Can You Switch from City Water to well Water?

For years, many homeowners in the US have relied on city water as their primary source of clean drinking water. In recent years, there has been a significant increase in contaminants found within the tap water from cities across the country.

With this knowledge, homeowners may be looking for an alternative source for their water quality. This article explores the benefits and drawbacks of switching from city water to well water.

What’s the difference between city water and well water?

There are many cases where people want to switch from city water to well water. Whether the person’s water source is their own private well water filtration or if they are considering switching to a private company that provides it, there are many factors that must be considered before making the switch.

First, you should learn more about your current water supply and whether it is safe for drinking, cooking, and bathing. If you have been using municipal water since birth, then chances are good that it meets all standards set by the Environmental Protection Agency. However, if you were born in another state or country,

City water :

Can You Switch from City Water to well Water

is one of the most common sources that people use. It is highly regulated and it comes from many different sources. Treatment plants ensure that the water is safe to drink, which can be done by adding chlorine or other chemicals to it.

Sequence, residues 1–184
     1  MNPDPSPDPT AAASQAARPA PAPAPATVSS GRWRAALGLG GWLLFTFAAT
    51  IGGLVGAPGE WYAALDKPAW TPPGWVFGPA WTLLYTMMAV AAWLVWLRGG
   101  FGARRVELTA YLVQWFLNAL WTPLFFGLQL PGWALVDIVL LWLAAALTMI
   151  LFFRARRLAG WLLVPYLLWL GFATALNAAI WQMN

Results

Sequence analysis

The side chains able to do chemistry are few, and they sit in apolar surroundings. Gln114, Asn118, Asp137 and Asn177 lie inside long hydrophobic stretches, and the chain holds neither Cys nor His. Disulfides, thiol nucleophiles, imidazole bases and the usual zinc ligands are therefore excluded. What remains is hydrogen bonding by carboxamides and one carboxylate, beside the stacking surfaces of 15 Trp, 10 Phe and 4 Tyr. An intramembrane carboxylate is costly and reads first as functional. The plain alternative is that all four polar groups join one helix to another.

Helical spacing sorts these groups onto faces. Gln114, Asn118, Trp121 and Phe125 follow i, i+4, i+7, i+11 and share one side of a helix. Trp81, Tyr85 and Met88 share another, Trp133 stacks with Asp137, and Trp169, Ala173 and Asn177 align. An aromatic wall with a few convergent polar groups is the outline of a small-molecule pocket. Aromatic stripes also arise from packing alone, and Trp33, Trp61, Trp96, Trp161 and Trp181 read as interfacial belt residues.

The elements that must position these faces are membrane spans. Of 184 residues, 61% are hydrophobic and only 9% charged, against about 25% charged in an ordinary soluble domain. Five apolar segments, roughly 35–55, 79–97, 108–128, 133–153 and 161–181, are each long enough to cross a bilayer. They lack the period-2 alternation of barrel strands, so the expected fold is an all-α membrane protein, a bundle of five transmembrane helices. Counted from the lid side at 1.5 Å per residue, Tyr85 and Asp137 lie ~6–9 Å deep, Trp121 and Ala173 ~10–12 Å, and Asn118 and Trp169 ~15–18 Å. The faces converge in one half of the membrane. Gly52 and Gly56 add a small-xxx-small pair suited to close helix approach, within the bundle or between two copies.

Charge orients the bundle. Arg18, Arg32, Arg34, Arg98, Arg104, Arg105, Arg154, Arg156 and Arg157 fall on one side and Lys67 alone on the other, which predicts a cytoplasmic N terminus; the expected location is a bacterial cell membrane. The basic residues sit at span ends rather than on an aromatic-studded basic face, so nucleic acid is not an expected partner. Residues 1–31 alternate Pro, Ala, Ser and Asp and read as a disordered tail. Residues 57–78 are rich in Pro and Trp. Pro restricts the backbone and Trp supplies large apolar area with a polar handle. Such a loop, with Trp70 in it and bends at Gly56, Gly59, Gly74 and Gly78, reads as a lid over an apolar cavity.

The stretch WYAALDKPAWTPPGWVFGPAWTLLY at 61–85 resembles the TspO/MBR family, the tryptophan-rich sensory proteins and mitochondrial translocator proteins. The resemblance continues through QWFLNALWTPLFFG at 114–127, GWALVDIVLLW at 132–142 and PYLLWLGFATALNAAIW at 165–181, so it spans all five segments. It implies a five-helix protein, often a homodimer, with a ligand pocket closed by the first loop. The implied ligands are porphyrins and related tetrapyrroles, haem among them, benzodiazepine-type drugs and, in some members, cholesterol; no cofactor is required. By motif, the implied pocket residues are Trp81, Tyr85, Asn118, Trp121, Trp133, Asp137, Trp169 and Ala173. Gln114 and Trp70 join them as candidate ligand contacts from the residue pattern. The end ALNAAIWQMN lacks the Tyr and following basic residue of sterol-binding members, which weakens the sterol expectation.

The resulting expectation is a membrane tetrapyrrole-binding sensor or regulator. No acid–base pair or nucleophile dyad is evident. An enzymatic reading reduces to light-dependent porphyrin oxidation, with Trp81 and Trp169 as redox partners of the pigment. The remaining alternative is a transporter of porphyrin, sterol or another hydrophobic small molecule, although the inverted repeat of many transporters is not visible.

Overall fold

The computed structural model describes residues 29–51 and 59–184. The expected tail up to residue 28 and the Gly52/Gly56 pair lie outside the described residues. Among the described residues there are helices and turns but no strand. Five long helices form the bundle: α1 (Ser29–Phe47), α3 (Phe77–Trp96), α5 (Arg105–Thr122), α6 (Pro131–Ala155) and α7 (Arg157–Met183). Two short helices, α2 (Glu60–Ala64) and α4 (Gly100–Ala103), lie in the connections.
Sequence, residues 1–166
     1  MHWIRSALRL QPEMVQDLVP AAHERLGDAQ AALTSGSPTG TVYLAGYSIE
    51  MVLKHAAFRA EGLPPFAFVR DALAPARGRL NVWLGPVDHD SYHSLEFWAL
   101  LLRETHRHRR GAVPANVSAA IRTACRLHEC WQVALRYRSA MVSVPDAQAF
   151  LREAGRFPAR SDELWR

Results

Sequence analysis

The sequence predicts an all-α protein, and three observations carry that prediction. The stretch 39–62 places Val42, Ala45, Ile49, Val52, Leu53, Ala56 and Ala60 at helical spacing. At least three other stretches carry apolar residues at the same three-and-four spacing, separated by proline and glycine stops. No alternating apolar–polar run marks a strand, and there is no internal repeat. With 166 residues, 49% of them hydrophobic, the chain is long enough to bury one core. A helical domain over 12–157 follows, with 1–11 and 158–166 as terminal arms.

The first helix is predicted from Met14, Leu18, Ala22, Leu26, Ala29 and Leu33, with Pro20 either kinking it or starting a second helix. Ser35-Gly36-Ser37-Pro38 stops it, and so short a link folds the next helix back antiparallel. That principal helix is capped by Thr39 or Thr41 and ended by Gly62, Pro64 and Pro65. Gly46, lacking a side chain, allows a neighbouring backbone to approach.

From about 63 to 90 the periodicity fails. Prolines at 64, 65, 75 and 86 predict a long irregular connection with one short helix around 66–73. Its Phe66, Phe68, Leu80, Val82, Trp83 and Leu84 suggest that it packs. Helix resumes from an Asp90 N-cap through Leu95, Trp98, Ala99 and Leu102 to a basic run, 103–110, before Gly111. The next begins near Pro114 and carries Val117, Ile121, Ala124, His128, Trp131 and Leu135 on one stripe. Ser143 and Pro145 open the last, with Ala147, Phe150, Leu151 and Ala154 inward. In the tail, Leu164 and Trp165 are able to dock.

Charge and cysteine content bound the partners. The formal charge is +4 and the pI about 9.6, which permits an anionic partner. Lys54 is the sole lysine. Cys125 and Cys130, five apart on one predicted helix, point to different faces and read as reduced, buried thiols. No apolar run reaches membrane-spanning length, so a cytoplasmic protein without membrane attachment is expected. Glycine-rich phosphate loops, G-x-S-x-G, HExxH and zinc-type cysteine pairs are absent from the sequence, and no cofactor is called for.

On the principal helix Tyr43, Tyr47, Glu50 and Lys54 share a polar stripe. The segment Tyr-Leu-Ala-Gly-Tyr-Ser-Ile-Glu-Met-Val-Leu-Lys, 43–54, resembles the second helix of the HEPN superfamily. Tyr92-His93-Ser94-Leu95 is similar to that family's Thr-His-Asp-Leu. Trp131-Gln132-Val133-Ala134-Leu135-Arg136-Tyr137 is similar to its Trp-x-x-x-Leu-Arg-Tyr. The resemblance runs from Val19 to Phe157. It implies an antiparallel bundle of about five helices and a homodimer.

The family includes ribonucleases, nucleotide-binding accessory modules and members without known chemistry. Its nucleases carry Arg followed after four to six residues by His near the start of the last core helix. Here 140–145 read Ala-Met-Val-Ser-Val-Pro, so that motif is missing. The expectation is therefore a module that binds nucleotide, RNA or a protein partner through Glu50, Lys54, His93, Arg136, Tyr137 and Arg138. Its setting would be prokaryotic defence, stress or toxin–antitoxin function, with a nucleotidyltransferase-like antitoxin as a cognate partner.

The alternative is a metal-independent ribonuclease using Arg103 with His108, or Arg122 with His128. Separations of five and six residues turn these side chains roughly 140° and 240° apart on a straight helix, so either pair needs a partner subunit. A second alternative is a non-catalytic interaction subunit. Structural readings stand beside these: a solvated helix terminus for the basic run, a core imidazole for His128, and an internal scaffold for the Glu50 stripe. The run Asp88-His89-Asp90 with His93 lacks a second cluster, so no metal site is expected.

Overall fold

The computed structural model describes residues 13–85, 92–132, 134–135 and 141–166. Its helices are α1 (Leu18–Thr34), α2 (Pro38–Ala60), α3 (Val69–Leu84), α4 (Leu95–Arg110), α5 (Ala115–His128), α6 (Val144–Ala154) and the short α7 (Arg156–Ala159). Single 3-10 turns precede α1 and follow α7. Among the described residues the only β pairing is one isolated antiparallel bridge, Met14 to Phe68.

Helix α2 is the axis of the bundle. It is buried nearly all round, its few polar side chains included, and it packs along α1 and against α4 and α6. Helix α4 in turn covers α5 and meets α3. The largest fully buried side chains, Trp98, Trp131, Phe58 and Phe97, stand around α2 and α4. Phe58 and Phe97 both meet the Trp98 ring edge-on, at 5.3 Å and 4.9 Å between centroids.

Some treatment plants will use ultraviolet radiation to kill any microorganisms. Also, The Water quality depends on its source.

Pros :

– City water is usually treated with chemicals that kill bacteria and viruses. This makes it safe to drink.

– often tested regularly and has been shown to have low levels of contaminants.

– can be used for irrigation without any additional treatment.

– Does not require much maintenance.


– City water may contain high amounts of chlorine, which can cause skin irritation.

– may have higher levels of minerals than well water.

– City water cannot be used for hydroponic gardening.

Well Water :

Can You Switch from City Water to well Water

Do you avoid drinking well water because you’re afraid that it will make you sick? You may want to reconsider. There are a number of reasons why switching from city water to well water can be a great idea.

Pros :

-No fluoride or other chemicals were added by the municipality. This means there is no risk of getting an illness like fluorosis. Fluoride has also been linked with cancer and bone disease in children. Since it is not fluoridated, better for your teeth!

-Better for the environment: drinking water from well doesn’t require treatment, so less energy goes into treating your tap water. It’s also better for the earth since it uses up fewer resources.

-No chlorine: Chlorine kills off bacteria and viruses which makes drinking chlorinated not safe water. If you have a problem with stomach issues, this could cause problems.

-No copper pipes corroding: Copper can be toxic to humans if ingested over time. The city used lead instead of copper because they thought that would make them more resistant to corrosion.

Cons :

-Lack of filtration: This is one of the biggest cons in my opinion. There are no filters on any faucets or sinks so there will always be some level of contamination going into your tap water.